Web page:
Picking the Superior Subaru Crosstrek: Gas-Only Engines vs Plug-in-Hybrid
We've already talked about how in just over a decade, the Subaru Crosstrek has gone from a new, quirky addition to Subaru's lineup to being one of the most unique and popular subcompact CUVs on the market.
And with that increasing popularity has come an expansion of options for Crosstrek buyers, with no less than three different powertrain options available on the current model for the North American market.
So we thought we'd give some insight and recommendations to those looking to buy a new or used Crosstrek and see if we can figure out which powertrain delivers the best performance and value.
Crosstrek 2.0L? Probably Skip it Unless You Need a Manual
Until 2021, the volume engine in the Crosstrek was a rather underpowered 2.0 liter naturally aspirated boxer engine. And that engine continues to be the base engine, making 152hp.
There's nothing especially wrong with the 2.0, but in era when many of its competitors offer turbocharged engines with improved performance, this engine can be found lacking..
The one reason an enthusiast might want the 2.0 engine is that it's the only way you can get the Crosstrek with a manual transmission, and we do like the fact that Subaru still gives Crosstrek buyers the option to row their own gears.
Subaru's 2.5L Engine: The Sweet Spot
For the '21 model year Subaru finally delivered what buyers had been asking for: more power. It came in the form of the 2.5 liter naturally aspirated boxer engine from the Forester and Outback and it was standard on the new Crosstrek Sport model as well as the top-grade Limited trim.
No the 2.5 doesn't turn the Crosstrek into an all-terrain hot hatch, but at 182 horsepower it provides a significant boost in performance, upgrading its acceleration and passing power from "slow" to "pretty decent."
And best of all, unlike a lot of engine upgrade options on crossovers, opting for the larger engine comes with no penalty in fuel economy. In fact, it delivers the same EPA combined fuel economy as the 2.0. For us, the Sport model is especially easy to recommend as you get the more powerful engine for a pretty modest increase in MSRP.
Crosstrek Hybrid: A Proper PHEV CUV?
Last but not least, there's the Crosstrek Hybrid which was added to the lineup for the 2019 model year. And more than just a traditional hybrid, the Crosstrek Hybrid is actually a PHEV which means it can plug-in and run on electric power alone.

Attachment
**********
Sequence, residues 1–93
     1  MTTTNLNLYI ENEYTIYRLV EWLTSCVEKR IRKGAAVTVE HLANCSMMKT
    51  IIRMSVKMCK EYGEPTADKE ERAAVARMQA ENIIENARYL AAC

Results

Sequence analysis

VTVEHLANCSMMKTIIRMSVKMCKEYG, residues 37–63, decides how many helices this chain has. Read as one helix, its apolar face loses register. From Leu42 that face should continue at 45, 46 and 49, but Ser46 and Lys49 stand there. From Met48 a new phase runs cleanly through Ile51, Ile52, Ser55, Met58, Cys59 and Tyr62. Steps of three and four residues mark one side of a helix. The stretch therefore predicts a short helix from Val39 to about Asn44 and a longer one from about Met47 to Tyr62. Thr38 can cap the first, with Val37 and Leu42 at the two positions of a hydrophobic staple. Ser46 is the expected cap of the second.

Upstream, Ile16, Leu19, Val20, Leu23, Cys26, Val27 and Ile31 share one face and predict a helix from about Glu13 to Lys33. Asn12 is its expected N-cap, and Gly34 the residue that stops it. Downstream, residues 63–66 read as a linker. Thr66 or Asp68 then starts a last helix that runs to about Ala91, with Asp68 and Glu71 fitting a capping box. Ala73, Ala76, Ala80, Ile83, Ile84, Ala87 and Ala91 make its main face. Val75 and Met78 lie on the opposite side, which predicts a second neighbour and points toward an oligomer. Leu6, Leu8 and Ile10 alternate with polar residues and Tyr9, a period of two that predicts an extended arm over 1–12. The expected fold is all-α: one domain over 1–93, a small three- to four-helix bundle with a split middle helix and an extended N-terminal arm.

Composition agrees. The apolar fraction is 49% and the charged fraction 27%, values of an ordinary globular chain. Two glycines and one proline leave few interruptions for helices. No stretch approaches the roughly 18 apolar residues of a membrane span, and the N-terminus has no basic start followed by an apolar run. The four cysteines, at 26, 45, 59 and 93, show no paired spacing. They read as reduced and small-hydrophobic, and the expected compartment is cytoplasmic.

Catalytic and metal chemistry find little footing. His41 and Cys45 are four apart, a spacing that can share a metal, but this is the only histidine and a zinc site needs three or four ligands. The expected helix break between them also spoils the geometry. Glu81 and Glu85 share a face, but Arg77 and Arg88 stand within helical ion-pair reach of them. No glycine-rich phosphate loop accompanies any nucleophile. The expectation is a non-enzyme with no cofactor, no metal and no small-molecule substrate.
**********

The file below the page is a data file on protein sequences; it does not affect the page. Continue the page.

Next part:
When done right, a PHEV can be the best of both worlds, operating as an EV during local drives and using gasoline during long trips. But compared to its plug-in competition, the Crosstrek Hybrid is lacking many ways.
First up is the rather small battery and short EV range of 17 miles, which is limited to speeds below 65 miles per hour. And while acceleration is better than the base 2.0 Crosstrek, its also a much heavier vehicle and is outperformed by the 2.5 liter version.
Additionally, the battery pack of the Crosstrek PHEV eats into its cargo space, something which could be a big deal if you are looking to carry outdoor gear in the hatch. And finally there's the price, which starts at $38,000, nearly $10,000 more than a Crosstrek Sport.
As mentioned a moment ago, the 2.0 liter Crosstrek is a hard sell with the more powerful 2.5 liter engine now in the lineup. And unless you are deadset on a manual transmission, or are looking for the lowest priced version we recommend choosing one of the 2021+ models that comes with the 2.5 liter engine.
The more interesting choice is between the 2.5 liter models and the Crosstrek Hybrid. While the Crosstrek Hybrid is currently the only hybrid in Subaru's lineup and offers some unique features not found in other subcompact CUVs, our pick would probably be the 2.5.
The hybrid has a short EV-only driving range, is significantly more expensive than the non-hybirds and has other compromises that limit its practicality.
While we love the idea of plug-in Crosstrek, the current version feels a bit half-baked and short on value. Here's hoping Subaru can improve on this for the next iteration.
At the moment, if you want a better performing, more usable PHEV, look to something like the Toyota RAV4 Prime or skip the hybrid altogether and go for an AWD Subaru Solterra EV.
For now, our choice is the 2.5 liter Crosstrek which makes an ample amount of power for a fairly small price premium and no penalty in fuel economy, And until Subaru fulfills our wish and puts the WRX's 2.4-liter turbocharged engine in the Crosstrek, it's the enthusiasts' pick of the bunch.
More From Driving Line
- Another important fact for those considering the Subaru Crosstrek is that a new third-gen model should be here pretty soon. It's already debuted in Japan.